The colorful characters of East Africa's early colonial period walk across the pages of this powerful book by John Hunter and Dan Mannix. Meet Tippu Tib, the greatest of all slave traders and the man who owned the slave responsible for killing the elephant with the biggest tusks ever recorded. Read how Ewart Grogan walked from the Cape to Cairo and how Joseph Thompson faced not only the ferocious Masai but also incredible hardships during his explorations into the interior of East Africa. Find out how John Boyes, elephant poacher extraordinaire, declared himself king of the Wa-Kikuyu and how Robert Foran, the notorious Lado Enclave ivory poacher, cheated Belgian and British authorities alike.
Jules Verne meets Firefly in this series of tales by a new voice on the steampunk landscape. Join this group of misfits, castoffs, and fugitives as they try to make a living moving cargo in Colonial Africa on their ramshackle blimp, the Kestrel, in the face of everything an untamed land can throw at them.
Tales of the Barbarians traces the creation of new mythologies in the wake of Roman expansion westward to the Atlantic, and offers the first application of modern ethnographic theory to ancient material. Investigates the connections between empire and knowledge at the turn of the millennia, and the creation of new histories in the Roman West Explores how ancient geography, local histories and the stories of wandering heroes were woven together by Greek scholars and local experts Offers a fresh perspective by examining passages from ancient writers in a new light
Collins Classics brings you a haunting selection of the finest horror stories from classic literature - featuring works by Bram Stoker, Edgar Allan Poe, Robert Louis Stevenson and Mary Shelley - with additional content.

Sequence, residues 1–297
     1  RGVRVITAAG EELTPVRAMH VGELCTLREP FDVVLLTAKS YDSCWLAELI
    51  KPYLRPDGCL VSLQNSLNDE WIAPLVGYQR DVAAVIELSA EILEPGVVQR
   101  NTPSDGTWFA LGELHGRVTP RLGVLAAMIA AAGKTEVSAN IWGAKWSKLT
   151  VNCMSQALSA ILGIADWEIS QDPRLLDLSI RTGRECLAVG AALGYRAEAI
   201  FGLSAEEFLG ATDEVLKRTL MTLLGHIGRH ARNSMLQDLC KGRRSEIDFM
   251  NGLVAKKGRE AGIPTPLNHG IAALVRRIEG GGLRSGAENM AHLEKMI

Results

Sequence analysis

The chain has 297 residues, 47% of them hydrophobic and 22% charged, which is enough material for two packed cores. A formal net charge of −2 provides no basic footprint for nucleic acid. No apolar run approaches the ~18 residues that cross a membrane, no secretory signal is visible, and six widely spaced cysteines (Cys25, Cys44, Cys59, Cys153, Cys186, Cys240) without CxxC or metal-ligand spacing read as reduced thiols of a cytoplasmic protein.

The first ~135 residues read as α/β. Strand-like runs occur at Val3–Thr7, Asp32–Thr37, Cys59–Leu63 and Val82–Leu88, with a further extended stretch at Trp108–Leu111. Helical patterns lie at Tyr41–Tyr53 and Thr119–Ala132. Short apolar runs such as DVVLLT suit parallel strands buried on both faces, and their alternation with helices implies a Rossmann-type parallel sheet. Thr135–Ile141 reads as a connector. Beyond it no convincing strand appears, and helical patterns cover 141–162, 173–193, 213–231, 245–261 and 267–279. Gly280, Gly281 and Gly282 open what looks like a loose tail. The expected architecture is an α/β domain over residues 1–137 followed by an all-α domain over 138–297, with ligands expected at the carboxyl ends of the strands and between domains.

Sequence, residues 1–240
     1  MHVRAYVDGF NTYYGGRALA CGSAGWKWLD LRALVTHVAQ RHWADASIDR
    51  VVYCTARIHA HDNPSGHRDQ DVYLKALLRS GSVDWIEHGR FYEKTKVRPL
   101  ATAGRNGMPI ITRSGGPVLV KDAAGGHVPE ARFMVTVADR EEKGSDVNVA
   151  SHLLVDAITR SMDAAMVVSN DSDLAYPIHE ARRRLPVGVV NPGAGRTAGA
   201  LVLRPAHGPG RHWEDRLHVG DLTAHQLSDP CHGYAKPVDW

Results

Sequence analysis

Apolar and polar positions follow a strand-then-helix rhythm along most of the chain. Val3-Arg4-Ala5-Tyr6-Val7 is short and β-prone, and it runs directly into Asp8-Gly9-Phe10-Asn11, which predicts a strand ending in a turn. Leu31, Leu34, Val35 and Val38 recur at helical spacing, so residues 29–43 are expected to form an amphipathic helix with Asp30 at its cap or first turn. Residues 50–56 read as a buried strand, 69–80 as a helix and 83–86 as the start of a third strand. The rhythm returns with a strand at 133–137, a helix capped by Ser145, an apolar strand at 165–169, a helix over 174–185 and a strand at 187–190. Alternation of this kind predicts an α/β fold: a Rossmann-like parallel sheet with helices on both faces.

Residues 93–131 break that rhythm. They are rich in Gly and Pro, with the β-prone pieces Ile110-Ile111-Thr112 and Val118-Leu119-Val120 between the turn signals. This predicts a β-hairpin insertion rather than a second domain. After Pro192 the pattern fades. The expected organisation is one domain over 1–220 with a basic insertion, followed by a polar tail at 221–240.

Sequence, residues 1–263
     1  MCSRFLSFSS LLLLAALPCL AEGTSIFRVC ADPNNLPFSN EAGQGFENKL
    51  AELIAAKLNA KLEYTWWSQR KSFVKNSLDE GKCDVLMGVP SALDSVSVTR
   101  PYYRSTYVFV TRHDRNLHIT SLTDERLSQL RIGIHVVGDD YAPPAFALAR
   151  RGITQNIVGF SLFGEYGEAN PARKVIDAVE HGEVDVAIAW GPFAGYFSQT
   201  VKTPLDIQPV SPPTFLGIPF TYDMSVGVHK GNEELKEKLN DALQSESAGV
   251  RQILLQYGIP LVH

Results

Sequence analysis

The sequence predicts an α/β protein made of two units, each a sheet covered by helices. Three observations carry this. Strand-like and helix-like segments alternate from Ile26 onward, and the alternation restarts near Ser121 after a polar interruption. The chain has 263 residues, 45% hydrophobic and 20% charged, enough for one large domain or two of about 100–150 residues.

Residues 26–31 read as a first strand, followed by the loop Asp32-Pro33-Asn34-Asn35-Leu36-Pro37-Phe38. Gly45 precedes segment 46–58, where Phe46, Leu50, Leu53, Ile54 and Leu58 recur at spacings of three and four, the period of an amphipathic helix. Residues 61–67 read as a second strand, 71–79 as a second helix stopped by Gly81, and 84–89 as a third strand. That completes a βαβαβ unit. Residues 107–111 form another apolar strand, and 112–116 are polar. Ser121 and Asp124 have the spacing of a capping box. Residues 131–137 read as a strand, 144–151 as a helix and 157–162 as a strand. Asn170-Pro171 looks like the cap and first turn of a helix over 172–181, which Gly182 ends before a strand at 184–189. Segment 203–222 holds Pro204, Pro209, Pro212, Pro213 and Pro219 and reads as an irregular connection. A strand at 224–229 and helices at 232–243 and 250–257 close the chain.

William Alwyn: A Research and Information Guide is a catalogue, discography and annotated bibliography of the nearly 500 works of this twentieth-century British composer. It will be invaluable to twentieth-century British composer researchers and aficionados, music history courses, and film music courses.
In Failed Frontiersmen, James Donahue writes that one of the founding and most persistent mythologies of the United States is that of the American frontier. Looking at a selection of twentieth-century American male fiction writers—E. L. Doctorow, John Barth, Thomas Pynchon, Ishmael Reed, Gerald Vizenor, and Cormac McCarthy—he shows how they reevaluated the historical romance of frontier mythology in response to the social and political movements of the 1960s (particularly regarding the Vietnam War, civil rights, and the treatment of Native Americans). Although these writers focus on different moments in American history and different geographic locations, the author reveals their commonly held belief that the frontier mythology failed to deliver on its promises of cultural stability and political advancement, especially in the face of the multicultural crucible of the 1960s. Cultural Frames, Framing Culture American Literatures Initiative
Tales from the Development Frontier presents analytical reviews and case studies that show how selected countries have developed light manufacturing to create jobs and foster prosperity. The focus is on China, a current powerhouse in light manufacturing, but the volume also analyzes a selection of countries in Africa and Asia.